Ilan Ben Bassat (Tel Aviv)

Sep 19, 2016. 3-4PM, Cory 400.

Title and Abstract

Hashing and Sampling Techniques for Genome Assembly
New sequencing technologies generate larger amounts of data at decreasing costs. De novo sequence assembly is the problem of combining these reads back to the original genome sequence, without relying on a reference genome. This presents algorithmic and computational challenges, especially for long and repetitive genome sequences.

One of the main paradigms of gnome assembly is the Overlap-Layout-Consensus approach. Assemblers of that kind process the raw sequence data by traversing a graph that captures the overlaps between the reads (overlap graph). Although an extensive research in this area has been conducted in the past two decades, there is a constant need to optimize the performance of existing assemblers.

In the first part of the talk we will describe a simple approach for constructing a lightweight version of an overlap graph, based on special hash functions and Bloom filters.

In the second part we will discuss how to use sampling in order to improve the assembly of Clustered Regularly Interspaced Short Palindromic Repeats (CRISPR), a fascinating bacterial immune mechanism against phages. Our algorithm involves a series of partial constructions of the overlap graph, and it avoids part of the difficulties that other assemblers face when dealing with genomic repeats.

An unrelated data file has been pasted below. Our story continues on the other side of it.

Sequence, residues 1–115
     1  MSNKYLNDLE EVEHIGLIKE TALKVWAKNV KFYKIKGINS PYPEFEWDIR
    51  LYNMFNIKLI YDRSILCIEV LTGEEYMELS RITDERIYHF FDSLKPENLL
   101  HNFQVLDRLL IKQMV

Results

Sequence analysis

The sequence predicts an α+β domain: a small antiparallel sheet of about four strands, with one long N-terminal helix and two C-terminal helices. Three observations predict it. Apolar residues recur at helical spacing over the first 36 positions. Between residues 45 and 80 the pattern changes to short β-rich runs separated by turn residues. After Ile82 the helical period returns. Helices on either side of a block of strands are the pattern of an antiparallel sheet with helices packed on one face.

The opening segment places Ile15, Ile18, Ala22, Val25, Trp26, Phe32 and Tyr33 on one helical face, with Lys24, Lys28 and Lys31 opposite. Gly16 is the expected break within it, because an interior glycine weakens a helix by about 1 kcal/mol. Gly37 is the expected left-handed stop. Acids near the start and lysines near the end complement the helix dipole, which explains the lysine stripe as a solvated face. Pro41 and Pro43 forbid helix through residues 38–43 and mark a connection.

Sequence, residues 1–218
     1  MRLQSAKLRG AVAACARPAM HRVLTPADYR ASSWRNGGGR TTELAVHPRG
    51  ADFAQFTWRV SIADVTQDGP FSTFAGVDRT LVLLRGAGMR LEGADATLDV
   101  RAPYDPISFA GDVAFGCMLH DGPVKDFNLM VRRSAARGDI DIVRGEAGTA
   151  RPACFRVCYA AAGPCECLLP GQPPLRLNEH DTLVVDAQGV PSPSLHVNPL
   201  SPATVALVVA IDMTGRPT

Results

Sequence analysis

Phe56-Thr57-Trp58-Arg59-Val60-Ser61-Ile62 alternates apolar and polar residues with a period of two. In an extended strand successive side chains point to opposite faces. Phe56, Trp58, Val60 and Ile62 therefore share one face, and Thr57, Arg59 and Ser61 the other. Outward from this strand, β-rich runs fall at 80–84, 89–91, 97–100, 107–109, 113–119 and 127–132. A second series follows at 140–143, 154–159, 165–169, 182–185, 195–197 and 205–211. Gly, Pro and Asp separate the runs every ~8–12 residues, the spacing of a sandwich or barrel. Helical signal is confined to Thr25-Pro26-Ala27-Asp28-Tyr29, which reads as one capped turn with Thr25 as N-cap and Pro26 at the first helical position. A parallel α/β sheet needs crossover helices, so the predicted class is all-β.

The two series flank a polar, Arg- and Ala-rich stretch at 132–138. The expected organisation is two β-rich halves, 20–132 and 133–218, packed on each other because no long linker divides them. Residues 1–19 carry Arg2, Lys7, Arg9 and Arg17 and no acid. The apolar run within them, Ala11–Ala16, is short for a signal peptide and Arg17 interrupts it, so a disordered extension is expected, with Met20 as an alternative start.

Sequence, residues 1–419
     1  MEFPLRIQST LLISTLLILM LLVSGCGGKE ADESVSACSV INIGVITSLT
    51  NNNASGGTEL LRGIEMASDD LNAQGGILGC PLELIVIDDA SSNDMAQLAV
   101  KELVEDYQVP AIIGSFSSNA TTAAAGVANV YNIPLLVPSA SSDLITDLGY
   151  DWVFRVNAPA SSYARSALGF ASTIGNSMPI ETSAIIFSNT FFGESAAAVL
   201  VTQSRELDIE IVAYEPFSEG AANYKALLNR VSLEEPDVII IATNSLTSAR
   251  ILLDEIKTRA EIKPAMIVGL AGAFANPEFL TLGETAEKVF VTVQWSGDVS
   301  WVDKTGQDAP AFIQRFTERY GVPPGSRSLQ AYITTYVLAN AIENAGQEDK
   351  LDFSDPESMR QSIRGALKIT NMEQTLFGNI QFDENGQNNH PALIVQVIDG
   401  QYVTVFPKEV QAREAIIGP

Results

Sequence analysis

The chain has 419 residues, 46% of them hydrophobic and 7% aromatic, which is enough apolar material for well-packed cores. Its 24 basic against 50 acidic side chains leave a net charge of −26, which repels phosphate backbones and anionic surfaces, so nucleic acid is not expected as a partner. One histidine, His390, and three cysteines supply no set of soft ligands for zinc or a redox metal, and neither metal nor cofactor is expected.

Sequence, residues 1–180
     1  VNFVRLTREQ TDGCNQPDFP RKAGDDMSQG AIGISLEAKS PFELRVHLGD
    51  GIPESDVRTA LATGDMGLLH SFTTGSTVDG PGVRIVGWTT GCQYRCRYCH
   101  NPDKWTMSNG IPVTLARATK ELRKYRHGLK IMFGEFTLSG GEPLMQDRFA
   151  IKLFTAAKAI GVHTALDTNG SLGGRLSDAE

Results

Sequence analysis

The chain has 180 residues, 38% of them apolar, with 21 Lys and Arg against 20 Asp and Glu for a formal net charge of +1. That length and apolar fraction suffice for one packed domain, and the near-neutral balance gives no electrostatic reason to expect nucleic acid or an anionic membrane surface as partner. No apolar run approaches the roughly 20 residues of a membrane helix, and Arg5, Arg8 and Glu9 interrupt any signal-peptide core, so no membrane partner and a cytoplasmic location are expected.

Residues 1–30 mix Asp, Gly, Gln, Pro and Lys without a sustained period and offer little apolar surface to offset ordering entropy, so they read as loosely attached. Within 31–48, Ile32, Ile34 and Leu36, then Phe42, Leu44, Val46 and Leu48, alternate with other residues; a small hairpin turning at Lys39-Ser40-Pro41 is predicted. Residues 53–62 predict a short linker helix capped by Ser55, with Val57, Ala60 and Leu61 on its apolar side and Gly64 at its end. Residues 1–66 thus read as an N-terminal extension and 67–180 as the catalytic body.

Ilan Ben-Bassat is a PhD student at the School of Computer Science of Tel-Aviv University, under the supervision of Prof. Benny Chor. His research focuses in designing computational methods for deep-sequencing data analysis. Ilan holds MSc degree and BSc degree in Computer science, both of which from Tel-Aviv University. He is currently a visiting researcher student in California Institute of Technology (Caltech), hosted by Prof. Jehoshua (Shuki) Bruck. His current project explores how to better model human creative thinking